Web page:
Secretary Kellner stated that the conflict is between centralized decision-making and between local decision -making about the use of evaluation of teaching. As Senator Ting pointed out, departments do have different cultures, and we do see things differently. Questions of delivering these sorts of things to any central guideline maker is something that is suspect and something I would prefer not to do. I think that departments that I know feel perfectly competent to make these decisions and that they are going to do that regardless. I think that even general guidelines will seem constricting to people, so that is why the points in the resolution decentralize certain sorts of things. We did not call for a rejection of the entire information gathering process but rather figuring out under what circumstance and how they would be used that that should remain with the units.
Chair Martin wanted to know if Secretary Kellner would like to have the wording included in the policy.
Secretary Kellner agreed.
Senator Hemenway stated that she is guessing that the purpose the Evaluation of Teaching Committee thought the guidelines were to serve came about because they have received comments from faculty in different departments where numbers are used in discrete ways without statistical confidence intervals and choices are made about teaching effectiveness and merit raise based on numbers that are coming from the teaching evaluation document that don’t benefit from some assessment from the teaching evaluation people about the significance or at least maybe confidence intervals -- what numbers mean from course to course and section to section because you are comparing people who teach different courses, and that sort of thing, so I think the intent was to have a guideline for looking at the numbers in a general way, not specifically for each department and how each person is reviewed but so that if you had to make a comparison over different courses you would be providing that information.
Chair Martin stated that he thinks that is consistent with the resolution but the guidelines need to be there to help make that decision but the department does have a resolution state needs to think about it ahead of time.
Senator Headen asked are there consequences in having something written as a guideline and choosing not to use it?
Secretary Kellner stated that he doesn’t know the meaning of the word guideline in this context and he doesn’t find it in the regulation. I know the meaning of the word regulation and that is what we have here.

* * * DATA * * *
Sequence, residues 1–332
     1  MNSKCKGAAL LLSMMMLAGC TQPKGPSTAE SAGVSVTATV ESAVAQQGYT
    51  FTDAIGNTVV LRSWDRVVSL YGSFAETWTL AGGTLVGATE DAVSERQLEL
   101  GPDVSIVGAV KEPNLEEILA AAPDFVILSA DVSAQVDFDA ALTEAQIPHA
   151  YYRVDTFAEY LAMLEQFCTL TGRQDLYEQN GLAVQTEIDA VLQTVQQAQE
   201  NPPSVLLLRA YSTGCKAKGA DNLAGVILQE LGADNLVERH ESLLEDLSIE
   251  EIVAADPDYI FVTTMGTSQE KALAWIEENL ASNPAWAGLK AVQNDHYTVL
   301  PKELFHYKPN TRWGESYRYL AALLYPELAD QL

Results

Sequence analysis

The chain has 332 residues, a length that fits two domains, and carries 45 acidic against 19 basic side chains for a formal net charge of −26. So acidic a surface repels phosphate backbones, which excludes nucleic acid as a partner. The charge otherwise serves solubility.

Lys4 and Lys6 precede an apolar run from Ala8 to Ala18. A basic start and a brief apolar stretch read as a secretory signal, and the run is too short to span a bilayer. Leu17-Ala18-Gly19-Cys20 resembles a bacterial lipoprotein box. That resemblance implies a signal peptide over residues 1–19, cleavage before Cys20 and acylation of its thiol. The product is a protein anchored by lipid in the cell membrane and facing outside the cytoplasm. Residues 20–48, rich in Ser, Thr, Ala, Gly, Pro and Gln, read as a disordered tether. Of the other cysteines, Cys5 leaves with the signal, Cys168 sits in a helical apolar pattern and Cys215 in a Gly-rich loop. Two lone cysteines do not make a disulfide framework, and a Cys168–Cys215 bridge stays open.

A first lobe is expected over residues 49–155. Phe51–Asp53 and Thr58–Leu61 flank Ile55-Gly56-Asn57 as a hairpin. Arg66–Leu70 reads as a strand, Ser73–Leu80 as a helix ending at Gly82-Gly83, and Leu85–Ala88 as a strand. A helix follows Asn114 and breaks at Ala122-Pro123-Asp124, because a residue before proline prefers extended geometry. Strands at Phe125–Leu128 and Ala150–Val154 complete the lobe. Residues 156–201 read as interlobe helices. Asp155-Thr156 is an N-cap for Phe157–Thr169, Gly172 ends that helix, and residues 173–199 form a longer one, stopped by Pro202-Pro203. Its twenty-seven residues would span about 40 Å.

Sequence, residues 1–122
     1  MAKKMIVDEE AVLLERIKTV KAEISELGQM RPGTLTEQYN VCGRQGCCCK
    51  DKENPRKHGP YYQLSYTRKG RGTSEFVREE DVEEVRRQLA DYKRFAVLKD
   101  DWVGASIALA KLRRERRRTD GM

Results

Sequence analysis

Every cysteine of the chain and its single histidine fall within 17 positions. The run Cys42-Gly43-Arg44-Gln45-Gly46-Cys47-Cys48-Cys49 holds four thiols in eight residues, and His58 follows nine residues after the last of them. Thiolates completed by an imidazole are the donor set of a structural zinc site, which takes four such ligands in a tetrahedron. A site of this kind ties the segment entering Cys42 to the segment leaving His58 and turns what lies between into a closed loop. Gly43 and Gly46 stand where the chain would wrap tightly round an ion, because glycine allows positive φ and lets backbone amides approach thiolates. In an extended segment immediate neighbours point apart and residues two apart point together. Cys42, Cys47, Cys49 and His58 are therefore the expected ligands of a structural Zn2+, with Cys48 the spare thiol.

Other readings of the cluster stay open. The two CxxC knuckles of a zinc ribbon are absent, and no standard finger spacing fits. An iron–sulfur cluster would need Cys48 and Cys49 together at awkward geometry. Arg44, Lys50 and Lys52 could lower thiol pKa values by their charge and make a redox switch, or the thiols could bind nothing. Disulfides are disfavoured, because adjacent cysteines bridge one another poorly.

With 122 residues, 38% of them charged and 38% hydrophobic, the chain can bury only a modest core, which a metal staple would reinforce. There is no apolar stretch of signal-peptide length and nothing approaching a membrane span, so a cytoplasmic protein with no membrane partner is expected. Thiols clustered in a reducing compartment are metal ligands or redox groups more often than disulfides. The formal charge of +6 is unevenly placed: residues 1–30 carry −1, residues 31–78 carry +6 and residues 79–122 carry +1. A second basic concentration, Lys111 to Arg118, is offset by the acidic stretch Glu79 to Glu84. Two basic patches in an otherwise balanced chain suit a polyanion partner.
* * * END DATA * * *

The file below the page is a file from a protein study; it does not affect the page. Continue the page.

Chair Martin stated that guidelines are recommended courses of action that there are multiple in the regulation, and you have to decide what it is you are going to do.
Senator Ting stated that we have received more reports from UPA and the Academic Policy Committee about the teaching evaluations. We have achieved close to the national rate ---other university response rates around 50 to 60 percent. Many universities who use online have somewhat similar percentages. We are getting there, becoming more consistent.
Teaching Evaluation is a standard committee that is not directly under the Faculty Senate; we have Academic Policy Committee. Many things are done already in the Teaching Evaluation Committee, then we were informed. We work parallel, but we may not be fully involved in the teaching evaluation process. This is the kind of document where we make comments on top of something that is already done. Sometime it is not as a fully engaged.
Senator Hemenway stated that she hopes it is clear to everyone it not an attempt to take control of the regulation or the guidelines. She thinks the discussion of the guidelines in the EOTC was that it is not a good idea to make that to be an absolute number to answer all the questions. Obviously you can’t do that and so rather than having absolute numbers -- if you don’t have 60% your data are meaningless -- it was the purpose of the guidelines to establish information for the faculty and departments for you to interpret what the numbers could mean within a general guideline, how are they significant to other courses on the campus.
Senator Anson—I’m wonder to where the research is going, particularly on the online evaluation because you can think of twenty questions about the difference between the applications and the evaluations -- in class and out of class. One of which, for example, would be to question and answer the assumption that response rates are beneficial. At what point do high response rates get damaged through obsessive nagging. At what point do students begin to resent the nagging when they go to the evaluations. The numbers are effective, but that is not something that we have researched. There are all kinds of things -- the fact that students often do their course evaluations all at once, what is the difference between taking time to do one at a time and meshing them together. What difference does it make not to be in the class? There are many variables.